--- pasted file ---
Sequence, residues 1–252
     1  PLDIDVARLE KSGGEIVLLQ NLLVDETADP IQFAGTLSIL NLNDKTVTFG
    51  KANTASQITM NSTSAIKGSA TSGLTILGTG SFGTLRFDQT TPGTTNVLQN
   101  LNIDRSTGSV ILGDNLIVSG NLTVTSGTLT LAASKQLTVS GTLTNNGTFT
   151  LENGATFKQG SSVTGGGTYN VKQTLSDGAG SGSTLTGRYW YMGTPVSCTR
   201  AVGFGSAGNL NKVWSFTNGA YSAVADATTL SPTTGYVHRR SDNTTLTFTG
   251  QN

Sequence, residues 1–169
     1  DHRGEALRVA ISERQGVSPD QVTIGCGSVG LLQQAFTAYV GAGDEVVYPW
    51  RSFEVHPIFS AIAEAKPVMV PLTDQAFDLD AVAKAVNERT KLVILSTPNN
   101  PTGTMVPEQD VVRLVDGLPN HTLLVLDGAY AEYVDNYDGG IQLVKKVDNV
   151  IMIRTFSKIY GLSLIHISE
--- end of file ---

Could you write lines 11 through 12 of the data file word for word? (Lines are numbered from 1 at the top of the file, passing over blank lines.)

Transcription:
   101  PTGTMVPEQD VVRLVDGLPN HTLLVLDGAY AEYVDNYDGG IQLVKKVDNV
   151  IMIRTFSKIY GLSLIHISE